Common Tourist Ocean Injuries
Written by AskTheLawyers.com™
Written by AskTheLawyers.com™
The ocean can be a great place to vacation, but it is important to exercise additional caution whenever you find yourself spending time near or on the water. The ocean can be unpredictable, and aside from the inherent risks associated with water, if a vessel or cruise ship is not prepared and properly maintained at all times, accidents can happen. A specific set of laws apply to injuries that happen in or on the water. Any kind of lawsuit or claim brought forward as a result of injury or another issue is referred to as a maritime or admiralty claim.
Maritime law, also referred to as admiralty law, involves the laws as well as any past cases that concern legal disputes that have originated on what are regarded as navigable waters. Generally, navigable waters are considered any waters used for foreign or interstate commerce within the United States. Cruise line injuries are among the most common tourist injuries, especially among those that occur on the water. If you or a loved one were injured while on a cruise, reach out to a maritime lawyer as soon as possible.
Common injuries sustained by tourists on the ocean:
- Slip and falls
- Trip and falls
- Gangway accidents
- Tender boat accidents (accidents that occur while ferrying passengers to and from land)
- Automatic door accidents
- Drowning accidents
- Pool accidents
- Shore excursion accidents
- Food poisoning
- Unsecured items or cargo accidents
- Broken railings/ladder accidents
- Sexual assault
Seek medical care in the ship’s infirmary.
Large vessels such as cruise lines contain infirmaries in which people can seek immediate treatment for an injury. Regardless of the severity of the injury, it is important to seek medical right away, even if you are still on the water. This ensures that your health is treated as a priority from the get-go, and should also ensure the existence of an official incident record detailing what happened.
Don’t sign anything.
It is important to remember in any situation where you are hurt and someone else might be considered liable, to refrain from signing or agreeing to anything. This can include signing paperwork, giving statements, or engaging in any other kind of affirmation that might waive the negligent party’s liability over the incident.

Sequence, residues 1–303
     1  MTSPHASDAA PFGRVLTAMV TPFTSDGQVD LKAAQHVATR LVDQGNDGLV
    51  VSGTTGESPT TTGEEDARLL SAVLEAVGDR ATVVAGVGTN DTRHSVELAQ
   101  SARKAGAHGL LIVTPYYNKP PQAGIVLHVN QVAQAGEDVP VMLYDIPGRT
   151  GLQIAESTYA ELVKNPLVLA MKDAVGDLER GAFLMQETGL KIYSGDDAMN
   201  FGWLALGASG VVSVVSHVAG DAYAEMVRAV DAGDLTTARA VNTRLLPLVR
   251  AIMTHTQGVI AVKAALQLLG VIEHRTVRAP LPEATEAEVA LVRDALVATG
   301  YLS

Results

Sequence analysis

Report the injury immediately, even if you are still on the water.
It is important to note that in any injury case, the clock starts ticking as soon as the injury is sustained. Every personal injury case has a statute of limitations or window of time in which a person must take legal action or forfeit the right to legal recourse; for most maritime personal injury cases, this window is three years, but due to the long waiting periods often involved in legal proceedings, it is important to begin the process right away.
Even if you are still on the cruise or on the water, it is important to contact the United States Coast Guard to give a detailed report about the incident. In most cases this will result in an investigation of the ship to see if any safety protocols were violated, resulting in the injury. It may also be prudent to report the incident to the Federal Bureau of Investigation (FBI); if a United States citizen is aboard the ship, the FBI has jurisdiction to come aboard and investigate.
Don’t wait until you are docked.
You do not have to wait until you have returned from your vacation to seek legal help. Maritime lawyers can help begin the investigation and process of filing a claim while you are still on the water. In fact, contacting a lawyer while you are still on the ship may have some unexpected benefits; a maritime lawyer can advise you regarding what kind of evidence to gather aboard the ship in order to prove your injury. In most cases, this involves requesting a copy of your medical records, any incident reports, as well as collecting pictures and witness testimonies from the scene of the injury.
If you or a loved one were injured on an ocean vacation, reach out to a maritime attorney to learn about your options for physical and financial recovery.